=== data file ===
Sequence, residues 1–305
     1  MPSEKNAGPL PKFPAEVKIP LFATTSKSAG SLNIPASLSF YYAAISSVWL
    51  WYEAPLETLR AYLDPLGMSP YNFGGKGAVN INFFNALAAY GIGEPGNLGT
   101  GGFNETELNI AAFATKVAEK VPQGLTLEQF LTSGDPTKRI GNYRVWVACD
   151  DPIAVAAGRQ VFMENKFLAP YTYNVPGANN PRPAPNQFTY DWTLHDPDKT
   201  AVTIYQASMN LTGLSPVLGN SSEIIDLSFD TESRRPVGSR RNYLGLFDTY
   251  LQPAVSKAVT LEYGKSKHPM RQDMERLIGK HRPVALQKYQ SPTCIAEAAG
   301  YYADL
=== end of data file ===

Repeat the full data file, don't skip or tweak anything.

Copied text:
Sequence, residues 1–305
     1  MPSEKNAGPL PKFPAEVKIP LFATTSKSAG SLNIPASLSF YYAAISSVWL
    51  WYEAPLETLR AYLDPLGMSP YNFGGKGAVN INFFNALAAY GIGEPGNLGT
   101  GGFNETELNI AAFATKVAEK VPQGLTLEQF LTSGDPTKRI GNYRVWVACD
   151  DPIAVAAGRQ VFMENKFLAP YTYNVPGANN PRPAPNQFTY DWTLHDPDKT
   201  AVTIYQASMN LTGLSPVLGN SSEIIDLSFD TESRRPVGSR RNYLGLFDTY
   251  LQPAVSKAVT LEYGKSKHPM RQDMERLIGK HRPVALQKYQ SPTCIAEAAG
   301  YYADL